This interview with Charlie Cook is notable for a rather obnoxious comparison of Obama's fiscal policy with Bush's Iraq fiasco, in a way that almost seems a deliberate attempt to make him seem like a creep. But it's worth reading as a primer on the conventional wisdom regarding Obama and the Democrats right now. He even resuscitates the wine track, beer track idiocy that the media obsessed over during the primaries.
What should be noted is that what is happening with Barack Obama's popularity is not unprecedented. It's almost exactly what happened with Ronald Reagan and Margaret Thatcher in the early 1980s. Both took office thanks to a recession that occurred on their predecessors' watch, and when they couldn't immediately fix the economy, their popularity dropped quickly. It restored itself when the economy began to perform better. Reagan's party, of course, suffered big losses in 1982 but that didn't matter with respect to the outcome in 1984.
It's true that the Republicans are poised to make some nontrivial gains this year. Probably more than the seven I predicted some months back. But the question is what they actually plan to do with this power. I suspect both parties have come to believe their own spin on the nature of power in Washington. Democrats spent most of 2009 talking about having a mandate, which was fair enough, but there was also a sense among some liberals that the Republicans were just done after the Bush years. That nobody would vote for them, that this was a transitional moment, that they had bought the loyalty of the electorate. This was not at all correct. What the Democrats got in 2008 was a chance to govern. Republican failure convinced the public to give the Democrats a shot. Indeed, there is no evidence whatsoever to support the idea that the Republicans have gotten more popular over the past year--the public still doesn't care for them. But the Democrats have lost some ground because they haven't done much to earn support or loyalty just yet. The Republicans have no loyalty left, as even the teabaggers claim not to have much use for them, and they are relying solely on free-floating anger to carry them through. But like the Joker's metaphor of a dog chasing cars, I strongly suspect that Republican congressional leaders don't really know what they'd do with power, and if they actually won a chamber of congress and forced spending cuts through the system, it would damage the economy and leave the Democrats with a simple narrative against them in 2012. (More likely the GOP would not try this, and just blame Democrats for not being bipartisan enough on cutting spending. Their followers generally aren't fazed by failure, it seems.)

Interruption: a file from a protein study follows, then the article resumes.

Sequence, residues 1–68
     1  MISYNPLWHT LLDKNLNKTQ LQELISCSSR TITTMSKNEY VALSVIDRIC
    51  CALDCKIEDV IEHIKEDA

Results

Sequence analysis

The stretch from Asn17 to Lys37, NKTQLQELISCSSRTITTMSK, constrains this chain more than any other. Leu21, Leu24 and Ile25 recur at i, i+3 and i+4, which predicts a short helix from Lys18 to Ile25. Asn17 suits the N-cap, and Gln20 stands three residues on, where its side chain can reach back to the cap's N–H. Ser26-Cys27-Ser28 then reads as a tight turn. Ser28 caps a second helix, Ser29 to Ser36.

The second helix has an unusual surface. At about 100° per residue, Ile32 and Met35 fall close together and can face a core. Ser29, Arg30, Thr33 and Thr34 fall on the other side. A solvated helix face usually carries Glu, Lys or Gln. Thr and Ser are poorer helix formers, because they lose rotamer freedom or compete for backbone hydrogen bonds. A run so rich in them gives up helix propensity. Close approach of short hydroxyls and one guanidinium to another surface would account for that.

And this is what I'm getting at. If the Democrats take action on health care, climate change, and immigration while the economy mends, they will gain more loyalty. But the Republicans don't really seem to understand how to build sustainable support. They rail against spending opportunistically while not supporting Paul Ryan's (admittedly very unpopular) plan that would do just that. They seem to think that the public will vote for them because they are not Democrats, and they might...once. But what modern history tells us is that while the public will often give the other party a chance if the ruling party fails, defining yourself as not them reaps only short-term benefits. Reagan built a large coalition by dealing with communism, taxes, and crime to the public's satisfaction. FDR built a bigger one by taking direct action to rebuild the economy and ending fascism. The Republicans now have no solutions to any problem America faces, and it seems that they've forgotten how quickly the tides of populist anger turned from George W. Bush to Obama and the Democrats (albeit to a lesser extent so far, as Obama's numbers are much stronger than Bush's during his second term). This should be interesting.
See also: Jon Chait
The Man, The Myth, The Bio
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- Problem: I have lots of opinions on politics and culture that I need to vent. If I do not do this I will wind up muttering to myself, and that's only like one or two steps away from being a hobo. Solution: I write two blogs. A political blog that has some evident sympathies (pro-Obama, mostly liberal though I dissent on some issues, like guns and trade) and a culture blog that does, well, cultural essays in a more long-form manner. My particular thing is taking overrated things (movies, mostly, but other things too) down a peg and putting underrated things up a peg. I'm sort of the court of last resort, and I tend to focus on more obscure cultural phenomena.